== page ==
In the beginning days of the Minnesota school closure, parents expressed appreciation for their children’s protection while also wondering about future closures, students missing school and their friends, economic impacts, child care and planning structure for their children in a time that feels like vacation.
When Gov. Tim Walz’s decision to close schools for eight days, from March 18 to March 27, was announced parents in the area weren’t surprised. Daryl Dunbar saw the trends as other states closed their schools and hopes the “unfortunate” yet “base case scenario” closure will “blow by, ideally.” Kim Guevara also sees the closure as helpful in protecting students, though her kids find the closure difficult.
“My kids don’t like it. My oldest don’t like it, she’s going to miss her friends. My youngest don’t like it because she has her friends and her teacher. And they just they don’t like it, they want school,” Guevara said.
The adjustment from children being in school to being at home has shown parents and students their interest in school, including the social aspects of friends and teachers, events like prom or attending and participating in sports.
“I know my kids are not excited about it. They love the school. I think the administration is doing a great job following all the guidelines and making sure all the kids are taken care of,” said Melissa Seelhammer, school board member. “It’s unfortunate. I hope that they can get back in this school year but it’s for the best of everyone in our community.”
Helena Lease’s three children have varying responses, including worry. Lease also finds the time feels like vacation, and that she already has child care since her husband is a farmer. When asked if the situation would change with a longer closure, Lease said there wouldn’t be much difference besides completing school work and missing friends.
“If it was long-term, yeah, it would stink because then they wouldn’t get to see their friends every day and this and that, but we’d get through it,” Lease said.
With students and teachers alike already missing school, the question is how long would another closure last? This question ran through seniors’ heads particularly as they processed the events and activities that could be canceled as well as lost time for memories with friends. When school board member and parent of a senior Vince Hinojos learned about the closure he was “saddened.”
“It’s our son’s senior year and so with that, he was looking forward to just that whole senior year, all the things that are involved with that, prom and last year being part of the track team that went to state and all those milestones that anybody could want in a senior year, so that’s really just a bummer,” Hinojos said.
The length of future closures also raises economic questions, as parents and grandparents Amber Siebert, David Sundheim and Charlotte Snook mentioned. David works as a self-employed window washer and Missy Sundheim works at the New York Mills Public Library which closed on March 17. As a window washer, David said businesses are closed or have different hours making it hard to ask businesses for money if they’re “pinched a little harder this time.”
“There’s ways, we’ll see, trying to be creative,” David said. “But I might have to just wash windows when no one’s there and then mail them bills later or something. We’ll see, but who wants to pay if they’re not there to enjoy the service either?”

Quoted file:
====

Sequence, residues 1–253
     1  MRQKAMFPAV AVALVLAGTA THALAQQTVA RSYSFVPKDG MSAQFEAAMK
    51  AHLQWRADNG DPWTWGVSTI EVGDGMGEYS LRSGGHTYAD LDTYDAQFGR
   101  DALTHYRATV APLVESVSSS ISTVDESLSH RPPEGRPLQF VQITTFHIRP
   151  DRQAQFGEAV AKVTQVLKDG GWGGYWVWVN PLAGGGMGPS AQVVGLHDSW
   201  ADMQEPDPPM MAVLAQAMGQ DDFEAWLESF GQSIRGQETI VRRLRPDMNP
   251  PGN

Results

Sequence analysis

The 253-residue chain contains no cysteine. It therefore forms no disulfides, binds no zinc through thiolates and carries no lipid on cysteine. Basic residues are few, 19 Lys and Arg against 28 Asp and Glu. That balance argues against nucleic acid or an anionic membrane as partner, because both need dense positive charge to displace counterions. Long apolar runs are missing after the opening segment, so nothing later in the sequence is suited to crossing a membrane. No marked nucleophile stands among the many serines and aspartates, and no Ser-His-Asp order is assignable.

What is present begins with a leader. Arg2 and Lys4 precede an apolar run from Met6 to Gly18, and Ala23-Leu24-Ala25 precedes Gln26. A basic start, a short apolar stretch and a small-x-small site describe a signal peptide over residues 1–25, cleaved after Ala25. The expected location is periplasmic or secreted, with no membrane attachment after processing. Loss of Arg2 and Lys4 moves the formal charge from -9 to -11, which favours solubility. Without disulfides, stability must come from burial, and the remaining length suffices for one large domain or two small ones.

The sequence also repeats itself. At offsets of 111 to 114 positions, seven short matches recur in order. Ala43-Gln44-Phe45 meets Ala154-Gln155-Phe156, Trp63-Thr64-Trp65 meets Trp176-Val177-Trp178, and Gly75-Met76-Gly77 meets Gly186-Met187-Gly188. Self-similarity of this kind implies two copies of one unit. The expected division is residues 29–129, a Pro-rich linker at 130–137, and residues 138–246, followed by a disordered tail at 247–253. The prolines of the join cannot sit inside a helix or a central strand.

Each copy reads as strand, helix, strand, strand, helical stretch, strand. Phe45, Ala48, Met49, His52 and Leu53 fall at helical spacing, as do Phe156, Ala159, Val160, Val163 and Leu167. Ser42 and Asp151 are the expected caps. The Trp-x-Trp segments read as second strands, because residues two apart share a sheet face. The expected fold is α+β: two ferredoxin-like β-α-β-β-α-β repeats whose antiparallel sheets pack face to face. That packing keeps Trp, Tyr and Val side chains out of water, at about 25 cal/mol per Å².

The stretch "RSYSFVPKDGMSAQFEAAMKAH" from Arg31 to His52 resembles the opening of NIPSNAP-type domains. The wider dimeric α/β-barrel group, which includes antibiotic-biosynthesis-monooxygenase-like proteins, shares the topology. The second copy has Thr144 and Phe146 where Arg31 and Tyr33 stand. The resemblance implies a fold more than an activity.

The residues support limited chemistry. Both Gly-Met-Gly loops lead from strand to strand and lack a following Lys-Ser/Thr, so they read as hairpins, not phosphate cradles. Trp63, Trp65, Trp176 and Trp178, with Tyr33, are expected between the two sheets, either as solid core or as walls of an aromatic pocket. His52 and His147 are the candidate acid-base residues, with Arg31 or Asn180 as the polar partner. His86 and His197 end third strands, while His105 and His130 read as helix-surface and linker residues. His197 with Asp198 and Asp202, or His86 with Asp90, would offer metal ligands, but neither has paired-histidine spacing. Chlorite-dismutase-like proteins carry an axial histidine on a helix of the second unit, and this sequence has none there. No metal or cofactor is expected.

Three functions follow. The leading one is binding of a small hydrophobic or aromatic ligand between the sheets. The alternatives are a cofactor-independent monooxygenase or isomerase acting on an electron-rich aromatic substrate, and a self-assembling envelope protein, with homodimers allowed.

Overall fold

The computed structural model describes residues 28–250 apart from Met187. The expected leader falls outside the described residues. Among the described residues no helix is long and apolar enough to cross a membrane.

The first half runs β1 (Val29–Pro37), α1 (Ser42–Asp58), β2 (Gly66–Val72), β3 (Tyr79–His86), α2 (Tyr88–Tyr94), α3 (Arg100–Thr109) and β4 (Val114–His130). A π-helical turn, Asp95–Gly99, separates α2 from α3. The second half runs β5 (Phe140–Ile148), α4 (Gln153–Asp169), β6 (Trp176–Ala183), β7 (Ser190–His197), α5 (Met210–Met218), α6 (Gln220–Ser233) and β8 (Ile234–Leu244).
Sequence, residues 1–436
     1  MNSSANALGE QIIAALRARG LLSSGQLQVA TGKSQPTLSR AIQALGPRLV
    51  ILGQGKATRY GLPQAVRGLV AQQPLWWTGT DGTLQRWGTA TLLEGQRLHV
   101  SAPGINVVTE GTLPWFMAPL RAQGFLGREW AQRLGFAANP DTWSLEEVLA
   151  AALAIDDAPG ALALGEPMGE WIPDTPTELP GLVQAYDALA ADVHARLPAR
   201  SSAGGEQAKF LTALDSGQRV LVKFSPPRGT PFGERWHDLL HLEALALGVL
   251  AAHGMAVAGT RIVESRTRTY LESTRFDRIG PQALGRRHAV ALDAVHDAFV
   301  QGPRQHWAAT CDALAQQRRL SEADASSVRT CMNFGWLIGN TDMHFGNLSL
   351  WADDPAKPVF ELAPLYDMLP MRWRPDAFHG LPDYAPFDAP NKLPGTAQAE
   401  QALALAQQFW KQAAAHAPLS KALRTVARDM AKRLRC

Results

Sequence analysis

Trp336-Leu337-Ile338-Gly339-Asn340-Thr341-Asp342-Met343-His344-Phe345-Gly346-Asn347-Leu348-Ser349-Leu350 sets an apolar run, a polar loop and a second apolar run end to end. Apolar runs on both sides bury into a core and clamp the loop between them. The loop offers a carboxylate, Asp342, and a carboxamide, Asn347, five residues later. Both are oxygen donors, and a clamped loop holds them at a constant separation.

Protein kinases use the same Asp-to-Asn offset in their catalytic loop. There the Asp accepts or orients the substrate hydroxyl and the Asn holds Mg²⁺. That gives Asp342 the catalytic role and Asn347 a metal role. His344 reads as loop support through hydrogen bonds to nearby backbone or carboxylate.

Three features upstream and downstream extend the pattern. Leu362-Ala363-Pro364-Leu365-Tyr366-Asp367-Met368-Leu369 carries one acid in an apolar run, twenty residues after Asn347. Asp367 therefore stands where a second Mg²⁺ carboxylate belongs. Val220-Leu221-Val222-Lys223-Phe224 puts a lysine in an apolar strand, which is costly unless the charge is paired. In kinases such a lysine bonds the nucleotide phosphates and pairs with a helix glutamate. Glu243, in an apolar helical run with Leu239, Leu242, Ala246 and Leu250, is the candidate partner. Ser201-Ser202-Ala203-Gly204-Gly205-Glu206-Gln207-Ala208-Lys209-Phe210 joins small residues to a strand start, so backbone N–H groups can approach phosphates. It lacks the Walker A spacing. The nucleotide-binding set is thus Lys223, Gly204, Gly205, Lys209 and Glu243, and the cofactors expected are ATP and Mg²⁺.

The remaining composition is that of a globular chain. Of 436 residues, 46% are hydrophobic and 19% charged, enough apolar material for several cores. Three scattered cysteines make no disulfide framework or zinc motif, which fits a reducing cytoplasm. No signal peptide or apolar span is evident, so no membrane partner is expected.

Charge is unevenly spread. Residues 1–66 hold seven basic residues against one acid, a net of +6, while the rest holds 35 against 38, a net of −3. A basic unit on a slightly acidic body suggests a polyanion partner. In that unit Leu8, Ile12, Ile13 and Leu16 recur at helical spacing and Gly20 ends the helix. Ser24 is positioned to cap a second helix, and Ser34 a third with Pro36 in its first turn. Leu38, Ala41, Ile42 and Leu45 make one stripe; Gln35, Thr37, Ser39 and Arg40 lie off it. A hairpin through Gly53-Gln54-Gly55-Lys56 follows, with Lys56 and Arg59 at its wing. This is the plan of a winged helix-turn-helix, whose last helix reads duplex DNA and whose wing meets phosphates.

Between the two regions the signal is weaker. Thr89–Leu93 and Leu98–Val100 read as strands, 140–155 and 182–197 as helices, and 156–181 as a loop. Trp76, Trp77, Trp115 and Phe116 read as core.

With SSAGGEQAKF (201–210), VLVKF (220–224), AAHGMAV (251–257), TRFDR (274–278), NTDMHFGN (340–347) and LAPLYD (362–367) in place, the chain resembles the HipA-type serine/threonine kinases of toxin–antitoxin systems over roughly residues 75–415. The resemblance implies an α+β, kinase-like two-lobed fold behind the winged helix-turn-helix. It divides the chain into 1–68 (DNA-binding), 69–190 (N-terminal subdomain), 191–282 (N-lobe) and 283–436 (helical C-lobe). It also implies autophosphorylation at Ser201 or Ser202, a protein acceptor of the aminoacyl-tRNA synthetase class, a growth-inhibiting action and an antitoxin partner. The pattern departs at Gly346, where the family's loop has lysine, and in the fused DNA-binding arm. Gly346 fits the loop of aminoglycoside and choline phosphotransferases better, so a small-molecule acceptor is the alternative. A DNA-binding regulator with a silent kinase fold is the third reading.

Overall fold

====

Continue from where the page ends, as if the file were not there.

As businesses and services in the Wadena area had to change their available options, Snook is also concerned about people purchasing services and products that are not considered necessities. Snook works from home and sells Pampered Chef items.
“The shutting everything down affects more because people are worried about their paychecks so then they don’t want to buy anything except for absolute necessities and so that makes other things hard … then there’s no money coming in,” Snook said.
The economic impacts are wrapped in endless scenarios, whether parents stay home with their children as they work, stay home because of a loss in job hours or simply because they have to until child care can be found. Guevara shared a future closure will require parents to find child care options that offer school work help or coordinate extra school work support for their children before and after work.
“The stay-at-home part’s going to be the hardest part for the parents, especially if they have to do it (school work) after work or before work and trying to find … day cares that will help them do it, to help with the school work if they go into a week after that,” Guevara said. “But if we all pull together, it should work out.”
Although students do not have assignments currently, some parents have begun using online tools while teachers prepare distance learning lessons and wait for further orders from Walz.
“I think (the school closure is) a good thing, it helps stop the spread before it even really starts here,” Siebert said. “There’s plenty of learning they can do at home. I don’t think it’s a big deal that they’re going to be out of school for a little while because there’s all those websites that they can go onto for learning.”
Snook has found reading and math information on different websites for her grandchildren to work on at home. Dunbar, Lease and Missy also mentioned the structure they hope to implement into their children’s days.
“The kids are like, ‘Ooh, yeah free days,’ … don’t get used to it, we’re going to have to start a routine,” Missy said.
As the eight days wane and the days bring continuous changes, parents and community members will experience new concerns and seem ready to take on the challenges.
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